The recent UN report regarding the climate crisis put animal agriculture in the spotlight, linking the worsening environmental issues to excessive emissions from food production. Following this report, the independent think tank RethinkX released a report entitled “Rethinking Climate Change”  that claimed that if carbon-intensive industries such as animal agriculture could be replaced by cleaner, sustainable technologies, then humans could reduce world carbon emissions by 90 percent in 15 years. Beyond the food industry and animal agriculture, the think tank included the heavy carbon footprints of energy and transportation. The publication suggested that by reducing the carbon footprint of these three industries, people can eliminate more than 90 percent of net greenhouse gas emissions, and eventually go farther than net-zero following 2040.

The report claims that the future of food production rests in the growing cellular agriculture and precision fermentation industries. By promoting these industries, the think tank argues that it could disrupt the meat and dairy industries enough to offset the carbon emissions while also providing a sustainable alternative for consumers. The two processes would develop proteins and animal-based meat alternatives that are better for the environment, the consumer, and the animals slaughtered during food production.

“As the most inefficient and economically vulnerable part of the industrial food system, cow products will be the first to feel the full force of the food distribution,” the report reads. "By 2030, the number of cows in the United States will have fallen by 50 percent, and the cattle farming industry will be all but bankrupt. All other commercial livestock industries worldwide will quickly follow the same fate as will commercial fisheries and aquaculture.”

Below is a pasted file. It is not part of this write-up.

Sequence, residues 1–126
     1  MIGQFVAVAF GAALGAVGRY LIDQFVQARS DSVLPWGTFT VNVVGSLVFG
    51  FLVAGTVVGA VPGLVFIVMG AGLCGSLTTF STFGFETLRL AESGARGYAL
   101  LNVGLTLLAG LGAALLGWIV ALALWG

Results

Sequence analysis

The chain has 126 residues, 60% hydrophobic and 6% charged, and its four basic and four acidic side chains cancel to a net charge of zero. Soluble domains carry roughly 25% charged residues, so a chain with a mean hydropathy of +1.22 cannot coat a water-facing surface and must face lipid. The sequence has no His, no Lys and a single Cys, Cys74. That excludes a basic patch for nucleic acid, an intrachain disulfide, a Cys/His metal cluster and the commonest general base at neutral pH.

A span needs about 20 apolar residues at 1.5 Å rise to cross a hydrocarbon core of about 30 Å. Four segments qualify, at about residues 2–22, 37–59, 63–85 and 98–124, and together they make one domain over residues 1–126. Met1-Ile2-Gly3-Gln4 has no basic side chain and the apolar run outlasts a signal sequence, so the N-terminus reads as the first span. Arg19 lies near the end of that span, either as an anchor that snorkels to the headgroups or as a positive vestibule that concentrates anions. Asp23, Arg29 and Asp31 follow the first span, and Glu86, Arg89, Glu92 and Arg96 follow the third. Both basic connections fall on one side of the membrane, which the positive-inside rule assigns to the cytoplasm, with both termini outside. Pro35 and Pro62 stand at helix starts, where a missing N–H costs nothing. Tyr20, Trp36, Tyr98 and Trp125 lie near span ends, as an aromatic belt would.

The precision fermentation process uses microbial hosts that produce functional ingredients such as fats and protein. This process allows for animal proteins and fats to be mimicked to minimize animal involvement and abolish animal slaughter. Cellular agriculture uses a small number of animal cells to create cultured meat in lab settings. The cellular agriculture industry is increasing in popularity as more companies and tech start-ups begin testing cultured cell-based alternatives.

The report details that by 2030, a protein made with precision fermentation will be 100 times more land efficient than current animal agriculture methods. The report also predicts that the innovative process will be 25 times time more feedstock efficient, 10 times more water-efficient, 20 times more time-efficient, and will produce minimal waste.

“Product after product that we extract from animals will be replaced by superior, cheaper, cleaner, and tastier alternatives, triggering a death spiral of increasing prices, decreasing demand, and reversing economies of scale for the livestock and seafood industries,” the report states.

Companies including New Culture and Perfect Day have started implementing precision fermentation methods to create proteins in cow milk to create product lines of dairy-free milk, cheese, and ice cream. The process allows the companies to replicate the necessary proteins and fat to create cell-based alternatives without animal involvement.